fighting spam and scams on the Internet
"419" Scam – Advance Fee / Fake Lottery Scam
The so-called "419" scam is a type of fraud dominated by criminals from Nigeria and other countries in Africa. Victims of the scam are promised a large amount of money, such as a lottery prize, inheritance, money sitting in some bank account, etc.
Victims never receive this non-existent fortune but are tricked into sending their money to the criminals, who remain anonymous. They hide their real identity and location by using fake names and fake postal addresses as well as communicating via anonymous free email accounts and mobile phones.
Keep in mind that scammers DO NOT use their real names when defrauding people.
The criminals either abuse names of real people or companies or invent names or addresses.
Any real people or companies mentioned below have NO CONNECTION to the scammers!
Read more about such scams here or in our 419 FAQ. Use the Scam-O-Matic to verify suspect emails.
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Some comments by the Scam-O-Matic about the following email:
- An email address listed inside this email has been used in a known fraud before.
- This email uses a separate reply address that is different from the sender address. Spammers use this to get replies even when the original spam sending accounts have been shut down. Also, sometimes the sender addresses are legitimate looking but fake and only the reply address is actually an email account controlled by the scammers.
- The following phrases in this message should put you on alert:
- "i will like you to " (a common phrase found in 419 scams)
- "confidential business" (scammers urge victims to keep the transaction secret because they don't want anyone to point out to them that it is a scam)
- "utmost confidentiality" (scammers urge victims to keep the transaction secret because they don't want anyone to point out to them that it is a scam)
- "very confidential" (scammers urge victims to keep the transaction secret because they don't want anyone to point out to them that it is a scam)
- "observe utmost confidentiality" (scammers urge victims to keep the transaction secret because they don't want anyone to point out to them that it is a scam)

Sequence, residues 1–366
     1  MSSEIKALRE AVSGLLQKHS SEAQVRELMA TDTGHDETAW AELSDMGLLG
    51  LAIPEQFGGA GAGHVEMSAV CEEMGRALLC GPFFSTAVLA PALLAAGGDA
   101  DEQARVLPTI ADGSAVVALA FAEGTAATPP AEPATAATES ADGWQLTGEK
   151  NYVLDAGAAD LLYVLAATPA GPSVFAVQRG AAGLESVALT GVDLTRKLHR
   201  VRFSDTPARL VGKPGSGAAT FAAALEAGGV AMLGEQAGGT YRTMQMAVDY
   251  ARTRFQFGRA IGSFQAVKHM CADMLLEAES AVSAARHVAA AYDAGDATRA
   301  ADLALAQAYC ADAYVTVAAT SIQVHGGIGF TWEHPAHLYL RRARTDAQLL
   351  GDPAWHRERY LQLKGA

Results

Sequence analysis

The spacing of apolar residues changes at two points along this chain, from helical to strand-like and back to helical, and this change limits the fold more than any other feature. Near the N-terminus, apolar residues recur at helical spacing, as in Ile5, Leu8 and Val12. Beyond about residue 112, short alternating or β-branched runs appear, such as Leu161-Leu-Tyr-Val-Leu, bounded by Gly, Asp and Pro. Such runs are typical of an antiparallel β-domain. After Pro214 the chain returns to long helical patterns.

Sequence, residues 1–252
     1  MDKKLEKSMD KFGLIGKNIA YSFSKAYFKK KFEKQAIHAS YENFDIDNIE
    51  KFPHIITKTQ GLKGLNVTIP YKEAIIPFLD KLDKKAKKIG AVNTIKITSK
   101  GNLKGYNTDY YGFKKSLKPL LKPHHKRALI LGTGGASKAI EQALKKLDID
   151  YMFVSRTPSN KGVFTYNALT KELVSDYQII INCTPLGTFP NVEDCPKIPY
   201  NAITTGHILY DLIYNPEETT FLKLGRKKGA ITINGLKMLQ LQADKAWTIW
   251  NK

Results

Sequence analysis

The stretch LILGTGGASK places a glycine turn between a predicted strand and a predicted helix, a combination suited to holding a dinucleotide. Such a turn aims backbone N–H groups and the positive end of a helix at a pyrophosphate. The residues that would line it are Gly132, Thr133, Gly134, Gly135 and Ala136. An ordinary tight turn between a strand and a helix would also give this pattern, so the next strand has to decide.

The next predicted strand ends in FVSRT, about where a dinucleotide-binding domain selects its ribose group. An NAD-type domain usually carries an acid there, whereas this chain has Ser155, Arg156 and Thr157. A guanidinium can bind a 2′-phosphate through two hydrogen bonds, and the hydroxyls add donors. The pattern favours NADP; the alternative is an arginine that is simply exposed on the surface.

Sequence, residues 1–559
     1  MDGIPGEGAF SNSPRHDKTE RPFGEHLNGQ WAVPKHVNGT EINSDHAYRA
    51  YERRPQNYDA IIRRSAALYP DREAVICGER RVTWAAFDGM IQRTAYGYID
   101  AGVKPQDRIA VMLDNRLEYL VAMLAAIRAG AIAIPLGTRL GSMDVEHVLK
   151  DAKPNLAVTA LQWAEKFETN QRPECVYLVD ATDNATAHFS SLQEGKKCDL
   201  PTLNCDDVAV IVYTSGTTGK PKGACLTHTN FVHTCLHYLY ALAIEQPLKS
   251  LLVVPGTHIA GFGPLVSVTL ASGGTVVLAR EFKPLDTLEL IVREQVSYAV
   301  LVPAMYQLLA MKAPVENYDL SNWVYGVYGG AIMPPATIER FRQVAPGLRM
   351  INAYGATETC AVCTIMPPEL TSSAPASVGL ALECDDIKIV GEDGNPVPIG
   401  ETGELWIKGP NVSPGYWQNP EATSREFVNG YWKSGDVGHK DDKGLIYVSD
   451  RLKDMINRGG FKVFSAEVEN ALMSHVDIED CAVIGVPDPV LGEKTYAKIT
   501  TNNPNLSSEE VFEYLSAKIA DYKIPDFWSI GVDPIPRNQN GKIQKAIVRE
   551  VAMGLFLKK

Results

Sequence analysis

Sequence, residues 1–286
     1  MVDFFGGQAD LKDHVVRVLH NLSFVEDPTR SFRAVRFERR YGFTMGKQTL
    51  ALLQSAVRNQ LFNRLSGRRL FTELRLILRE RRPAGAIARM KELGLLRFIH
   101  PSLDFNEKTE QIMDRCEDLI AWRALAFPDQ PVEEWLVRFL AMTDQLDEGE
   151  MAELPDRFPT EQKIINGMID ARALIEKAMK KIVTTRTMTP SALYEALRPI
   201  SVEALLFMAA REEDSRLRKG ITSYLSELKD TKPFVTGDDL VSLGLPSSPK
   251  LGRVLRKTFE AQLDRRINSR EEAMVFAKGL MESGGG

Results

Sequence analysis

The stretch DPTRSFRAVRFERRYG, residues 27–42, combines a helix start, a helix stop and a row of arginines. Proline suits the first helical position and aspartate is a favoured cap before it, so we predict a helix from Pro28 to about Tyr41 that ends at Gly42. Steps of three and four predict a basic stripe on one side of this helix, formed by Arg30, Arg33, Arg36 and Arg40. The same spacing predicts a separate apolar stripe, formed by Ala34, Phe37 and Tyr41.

- This email message is a next of kin scam.
- This email lists free webmail addresses. Use of such addresses is typical for scams. Lotteries, banks and any but the smallest of companies do not normally use such addresses. Criminals use them to anonymously send and receive email at Internet cafes.
- email@example.com (email address has been used in a known fraud before)
Fraud email example:
From: "Mr. Sunny Lucas" (may be fake)
Date: Sun, 17 Dec 2017 06:58:22 -0800
Subject: Contact me for more informations.
Attention: Dear Partner,
I am Mr. Sunny Lucas, a Financial Auditor with African Development Bank, South Africa. I have urgent and very confidential business proposal for you. An American oil consultant/contractor with the South African Solid Gold, Mr. W. Ali. Bryant made a numbered time (Fixed) Deposit for twelve calendar months, valued at (Fourteen Million Five Hundred Thousand U.S. dollars) in my branch. Upon maturity, I sent a routine notification to his forwarding address but got no reply. After a month, we sent a reminder and finally we discovered from his contract employers, the South African Solid Gold Corporation that Mr. Bryant died in a plane crash in Alaska Airlines Flight 261 On further investigation, I found out that he died without making a WILL and all attempts to trace his next of kin were fruitless.
I therefore made further investigation and discovered that Mr. W Ali did not declare any kin or relations in all his official documents, including his Bank Deposit paperwork in my Bank. This sum of (Fourteen Million Five Hundred Thousand U.S. dollars) is still sitting in our Bank and the interest is being rolled over with the principal sum at the end of each year. No one will ever come forward to claim it. According to Laws of Republic of South Africa, at the expiration of 7 (Seven) years, the money will revert to the ownership of the South African Government if nobody applies to claim the fund. Consequently, my proposal is that I will like you as a foreigner to stand in as the next of kin to Mr. A. Bryant so that the fruits of this old man's labour will not get into the hands of some corrupt government officials. This is simple, I will like you to provide immediately your full names and address so that the attorney will prepare the necessary documents and affidavits
that will put you in place as the next of kin. We shall employ the services of an attorney for drafting and notarization of the WILL and to obtain the necessary documents and letter of probate/administration in your favor for the transfer.
A bank account in any part of the world that you will provide will then facilitate the transfer of this money to you as the beneficiary/next of kin. The money will be paid into your account for us to share in the ratio of 60% for me and 40% for you. There is no risk at all as all the paperwork for this transaction will be done by the attorney and my position as a prominent Financial Auditor guarantees the successful execution of this transaction. If you are interested, please reply immediately via my private email address above. Upon your response, I shall then provide you with more details and relevant documents that will help you understand the transaction. Please send me your confidential telephone and mobile numbers for easy communication. Please observe utmost confidentiality, and be rest assured that this transaction would be most profitable for both of us because I shall require your assistance to invest my own share in your country.
Finally, you can reach me immediately on my confidential email for more details on what to do next. EMAIL: firstname.lastname@example.org
Mr. Sunny Lucas